Runco is quick to critique the turf grass that makes up so many yards across America, both for grass’ lacking environmental impact and the classist, racist history of manicured lawns, as documented in the New York Times’ “The Great American Lawn: How the Dream Was Manufactured.” They’re just as eager to share about beautiful, beneficial alternatives. Where grass does nothing to contribute to biodiversity or soil health, native pollinator plants can grow with less maintenance while fostering expansive ecosystems. Echinacea, milkweeds, Joe Pye weed, and asters, for example, all attract pollinators and create visually engaging spaces that are full of life.
They came to this work after years in the service industry; at Dinette and Jen’s Juice in Shadyside, Runco valued the principles of sustainability, from product sourcing to fair wages. From here, they laid the groundwork for their own business, with the values of being in service to others, anti-capitalist notions, and desire to work in community.
An opposition to social norms and belief in finding more expansive, creative ways of enjoying life is present in their approach to land care. It’s just as connected to their queerness.
The traditional landscaping industry is dominated by cis men, according to Runco, which they say only creates a stronger sense of unity and collaboration among queer people and women working in sustainable land care. Since they’ve established their business across the city, Runco values being able to offer well-paid gig work and provide opportunities for folks with shared values, or those who are willing to learn.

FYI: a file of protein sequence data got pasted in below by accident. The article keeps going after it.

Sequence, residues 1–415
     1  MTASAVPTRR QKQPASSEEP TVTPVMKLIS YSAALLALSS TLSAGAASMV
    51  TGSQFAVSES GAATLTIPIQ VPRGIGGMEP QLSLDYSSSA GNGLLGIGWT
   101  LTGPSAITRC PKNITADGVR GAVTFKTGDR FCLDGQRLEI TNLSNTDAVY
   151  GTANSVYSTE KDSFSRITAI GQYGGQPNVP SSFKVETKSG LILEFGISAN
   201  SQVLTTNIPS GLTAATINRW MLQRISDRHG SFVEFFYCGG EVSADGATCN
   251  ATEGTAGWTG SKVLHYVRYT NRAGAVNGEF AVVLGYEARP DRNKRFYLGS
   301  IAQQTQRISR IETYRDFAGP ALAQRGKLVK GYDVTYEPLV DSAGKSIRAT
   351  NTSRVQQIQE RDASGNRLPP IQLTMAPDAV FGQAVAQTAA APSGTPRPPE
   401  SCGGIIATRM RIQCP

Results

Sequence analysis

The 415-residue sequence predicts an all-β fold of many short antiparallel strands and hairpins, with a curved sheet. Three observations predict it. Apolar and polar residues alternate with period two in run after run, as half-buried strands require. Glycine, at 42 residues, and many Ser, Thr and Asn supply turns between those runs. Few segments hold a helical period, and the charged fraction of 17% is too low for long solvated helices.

“The queer community, historically, we’re always fighting for what’s right, right?” Runco says. “We’re trying to make these shifts, we’re trying to educate people into thinking alternatively from what they’re used to thinking. We’re trying to save the world with our work, honestly. The way we operate in our homes, the way we operate in society, and then the way we operate in work, I think it all comes together. Queerness encompasses everything, from our identities to the work we do and the ways we support each other and the Earth.”
For Runco’s clients, the elements of creativity, trust, relationship building, and the potential for collaboration stand out the most. Lauren Spagna, a Swissvale resident and client of Runco’s since 2017, expresses her gratitude for Runco’s openness and knowledge.
“I love that they always let their customers know what they’re learning, what their strategies are,” says Spagna. “It’s extremely important to me to be able to support the food chain and ecosystems in my backyard.”
In the eyes of Jerome D’Angelo, an artist and Touch of Green client, Runco’s work displays their artistic sensibility, and the harmony they can create between natural and built environments. “The things that you would work with in a piece of art — the idea of texture, form, composition, value, color, and variety — they’re doing that with their knowledge of plantings and using native plants,” D’Angelo says of Runco’s garden redesign at his home in Blackridge.
Runco is accredited with Phipps as a sustainable land care provider and continues to teach through the program.
“I love the opportunity to pass this knowledge on, especially to younger generations, queer kids in particular,” Runco says. “I love being my own boss, I love taking care of my crew that works with me, I love being the one that buys the pizza.”
Touch of Green. touchofgreenpgh.com